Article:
The effect of those "tanker strikes": fuel sales up 7.2%

Could the panic buying have boosted GDP?

The retail sales index for March 2012 is out, and it is stronger than expected. Year-on-year, sales increased in value by 5.7 per cent and by volume by 3.3 per cent. But there was one line in particular which caught everyone's eye:

Sales volumes growth was driven by other stores, non-store retailing and predominantly automotive fuel.

The volume of automotive fuel sales increased by 7.2 per cent in March compared to March 2011, while the breakdown shows that excluding fuel sales, retail growth was 4.9 per cent (value) or 2.8 per cent (volume), reductions of 0.8 or 0.5 points respectively.

When the government first sparked panic buying over the potential of a fuel tanker strike (which, if not announced today, will definitely not happen unless a second vote is held), there were suggestions that it may have been deliberately induced to boost GDP for the first quarter of 2012. Given we are on the knife-edge of a technical recession, even a 0.1 percentage point increase in GDP growth could be hugely psychologically important.

While it remains unlikely to be deliberate, the possibility that it could actually have that effect is no longer quite so laughable. If even half of the growth in fuel sales was due to the panic, that would mean an increase of 0.4 percentage points in total sales value in March 2012. Given fuel doesn't go off, that would likely be reflected by a similar dip in April 2012 – but April is in the second quarter.

Unpacking the various effects will be tricky, but it would be fascinating indeed if one of the worst ever news cycles for the government resulted in preventing an even worse one.

A petrol station with no fuel. But was it deliberate?

Alex Hern is a technology reporter for the Guardian. He was formerly staff writer at the New Statesman. You should follow Alex on Twitter.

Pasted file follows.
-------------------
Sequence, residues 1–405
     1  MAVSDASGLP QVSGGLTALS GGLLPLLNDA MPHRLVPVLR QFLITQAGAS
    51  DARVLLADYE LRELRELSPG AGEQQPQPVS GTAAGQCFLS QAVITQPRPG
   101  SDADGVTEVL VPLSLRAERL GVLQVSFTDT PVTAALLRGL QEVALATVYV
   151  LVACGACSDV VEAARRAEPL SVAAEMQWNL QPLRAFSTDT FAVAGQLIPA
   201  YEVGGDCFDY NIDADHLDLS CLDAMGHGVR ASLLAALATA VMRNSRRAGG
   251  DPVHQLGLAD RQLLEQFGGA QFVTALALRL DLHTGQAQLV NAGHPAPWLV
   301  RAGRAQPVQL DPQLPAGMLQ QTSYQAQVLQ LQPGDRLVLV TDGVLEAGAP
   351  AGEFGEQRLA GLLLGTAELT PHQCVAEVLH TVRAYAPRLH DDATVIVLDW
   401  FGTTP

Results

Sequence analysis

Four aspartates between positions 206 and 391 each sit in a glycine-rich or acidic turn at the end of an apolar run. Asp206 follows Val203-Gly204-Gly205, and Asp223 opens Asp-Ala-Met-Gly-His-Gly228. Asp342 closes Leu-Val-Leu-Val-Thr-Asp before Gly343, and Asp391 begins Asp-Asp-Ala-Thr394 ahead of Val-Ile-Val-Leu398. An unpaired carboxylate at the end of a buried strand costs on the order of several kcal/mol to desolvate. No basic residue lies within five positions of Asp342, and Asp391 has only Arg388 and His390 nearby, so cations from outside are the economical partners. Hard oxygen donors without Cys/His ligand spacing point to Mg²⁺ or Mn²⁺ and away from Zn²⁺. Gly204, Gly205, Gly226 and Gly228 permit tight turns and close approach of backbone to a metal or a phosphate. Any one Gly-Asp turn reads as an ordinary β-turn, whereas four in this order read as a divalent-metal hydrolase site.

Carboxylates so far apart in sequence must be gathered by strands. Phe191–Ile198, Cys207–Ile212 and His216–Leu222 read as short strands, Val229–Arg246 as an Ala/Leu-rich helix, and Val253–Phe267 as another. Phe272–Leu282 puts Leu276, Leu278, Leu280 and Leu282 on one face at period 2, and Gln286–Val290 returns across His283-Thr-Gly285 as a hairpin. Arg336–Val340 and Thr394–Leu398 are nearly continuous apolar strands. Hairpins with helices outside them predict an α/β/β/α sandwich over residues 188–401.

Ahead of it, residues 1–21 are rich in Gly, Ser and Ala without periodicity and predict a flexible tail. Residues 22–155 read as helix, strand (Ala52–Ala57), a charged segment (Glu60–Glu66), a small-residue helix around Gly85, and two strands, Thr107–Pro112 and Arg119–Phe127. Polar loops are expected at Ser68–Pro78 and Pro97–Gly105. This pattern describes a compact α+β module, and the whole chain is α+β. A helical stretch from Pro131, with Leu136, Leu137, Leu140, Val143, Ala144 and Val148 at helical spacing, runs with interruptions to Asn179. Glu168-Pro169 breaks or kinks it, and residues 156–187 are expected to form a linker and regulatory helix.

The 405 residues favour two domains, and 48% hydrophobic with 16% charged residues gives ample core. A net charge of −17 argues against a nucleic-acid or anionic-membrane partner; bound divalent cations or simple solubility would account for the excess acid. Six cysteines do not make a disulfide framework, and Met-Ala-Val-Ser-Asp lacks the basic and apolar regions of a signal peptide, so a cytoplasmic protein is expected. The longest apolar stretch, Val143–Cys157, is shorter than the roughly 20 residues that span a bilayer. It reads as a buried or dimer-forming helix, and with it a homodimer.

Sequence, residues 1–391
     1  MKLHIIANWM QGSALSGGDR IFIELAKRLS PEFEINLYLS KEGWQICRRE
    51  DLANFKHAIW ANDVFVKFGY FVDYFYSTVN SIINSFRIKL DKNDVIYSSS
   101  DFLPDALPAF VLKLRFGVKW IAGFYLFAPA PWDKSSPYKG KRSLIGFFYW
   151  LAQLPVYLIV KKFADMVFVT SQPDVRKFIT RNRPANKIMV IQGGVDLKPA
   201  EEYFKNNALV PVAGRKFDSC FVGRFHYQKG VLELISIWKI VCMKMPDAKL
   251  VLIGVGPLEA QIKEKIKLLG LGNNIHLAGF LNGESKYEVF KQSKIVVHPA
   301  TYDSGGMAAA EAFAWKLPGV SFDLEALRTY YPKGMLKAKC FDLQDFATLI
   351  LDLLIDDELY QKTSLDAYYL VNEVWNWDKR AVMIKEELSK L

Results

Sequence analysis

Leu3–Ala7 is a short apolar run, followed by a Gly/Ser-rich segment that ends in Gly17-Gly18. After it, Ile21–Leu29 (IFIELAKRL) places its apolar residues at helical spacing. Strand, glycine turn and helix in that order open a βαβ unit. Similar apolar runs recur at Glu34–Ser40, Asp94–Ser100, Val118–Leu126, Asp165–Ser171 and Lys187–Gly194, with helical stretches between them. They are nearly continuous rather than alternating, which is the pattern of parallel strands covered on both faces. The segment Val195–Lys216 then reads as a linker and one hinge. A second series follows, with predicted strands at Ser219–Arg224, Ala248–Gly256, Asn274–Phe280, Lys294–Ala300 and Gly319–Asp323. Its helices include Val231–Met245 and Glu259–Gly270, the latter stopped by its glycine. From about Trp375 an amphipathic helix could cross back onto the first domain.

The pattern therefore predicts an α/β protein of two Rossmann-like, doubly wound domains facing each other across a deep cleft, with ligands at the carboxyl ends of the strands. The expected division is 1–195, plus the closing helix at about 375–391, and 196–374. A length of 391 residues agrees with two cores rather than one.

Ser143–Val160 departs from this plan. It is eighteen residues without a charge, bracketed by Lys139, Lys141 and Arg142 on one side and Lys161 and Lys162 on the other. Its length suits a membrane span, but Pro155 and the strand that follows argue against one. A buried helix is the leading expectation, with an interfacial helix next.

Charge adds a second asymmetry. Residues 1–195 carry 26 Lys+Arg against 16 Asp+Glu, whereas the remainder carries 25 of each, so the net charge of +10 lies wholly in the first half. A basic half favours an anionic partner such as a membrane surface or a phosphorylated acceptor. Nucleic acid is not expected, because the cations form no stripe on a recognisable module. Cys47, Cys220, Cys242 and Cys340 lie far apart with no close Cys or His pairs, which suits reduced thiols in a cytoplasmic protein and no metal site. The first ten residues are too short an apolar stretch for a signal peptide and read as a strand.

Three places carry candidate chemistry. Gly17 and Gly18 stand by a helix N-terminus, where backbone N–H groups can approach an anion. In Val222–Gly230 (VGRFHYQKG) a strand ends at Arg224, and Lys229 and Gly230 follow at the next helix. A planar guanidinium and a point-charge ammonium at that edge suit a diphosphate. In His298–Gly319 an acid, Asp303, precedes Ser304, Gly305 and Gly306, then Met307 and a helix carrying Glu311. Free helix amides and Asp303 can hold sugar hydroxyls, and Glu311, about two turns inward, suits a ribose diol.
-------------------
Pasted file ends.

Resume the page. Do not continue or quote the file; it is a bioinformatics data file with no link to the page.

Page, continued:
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Emmanuel Macron can win - but so can Marine Le Pen

Macron is the frontrunner, but he remains vulnerable to an upset. 

French presidential candidate Emmanuel Macron is campaigning in the sixth largest French city aka London today. He’s feeling buoyed by polls showing not only that he is consolidating his second place but that the voters who have put him there are increasingly comfortable in their choice

But he’ll also be getting nervous that those same polls show Marine Le Pen increasing her second round performance a little against both him and François Fillon, the troubled centre-right candidate. Her slight increase, coming off the back of riots after the brutal arrest of a 22-year-old black man and Macron’s critical comments about the French empire in Algeria is a reminder of two things: firstly the potential for domestic crisis or terror attack to hand Le Pen a late and decisive advantage.  Secondly that Macron has not been doing politics all that long and the chance of a late implosion on his part cannot be ruled out either.

That many of his voters are former supporters of either Fillon or the Socialist Party “on holiday” means that he is vulnerable should Fillon discover a sense of shame – highly unlikely but not impossible either – and quit in favour of a centre-right candidate not mired in scandal. And if Benoît Hamon does a deal with Jean-Luc Mélenchon – slightly more likely that Fillon developing a sense of shame but still unlikely – then he could be shut out of the second round entirely.

What does that all mean? As far as Britain is concerned, a Macron or Fillon presidency means the same thing: a French government that will not be keen on an easy exit for the UK and one that is considerably less anti-Russian than François Hollande’s. But the real disruption may be in the PR battle as far as who gets the blame if Theresa May muffs Brexit is concerned.

As I’ve written before, the PM doesn’t like to feed the beast as far as the British news cycle and the press is concerned. She hasn’t cultivated many friends in the press and much of the traditional rightwing echo chamber, from the press to big business, is hostile to her. While Labour is led from its leftmost flank, that doesn’t much matter. But if in the blame game for Brexit, May is facing against an attractive, international centrist who shares much of the prejudices of May’s British critics, the hope that the blame for a bad deal will be placed solely on the shoulders of the EU27 may turn out to be a thin hope indeed.

Implausible? Don’t forget that people already think that Germany is led by a tough operator who gets what she wants, and think less of David Cameron for being regularly outmanoeuvered by her – at least, that’s how they see it. Don’t rule out difficulties for May if she is seen to be victim to the same thing from a resurgent France.

Stephen Bush is special correspondent at the New Statesman. His daily briefing, Morning Call, provides a quick and essential guide to British politics.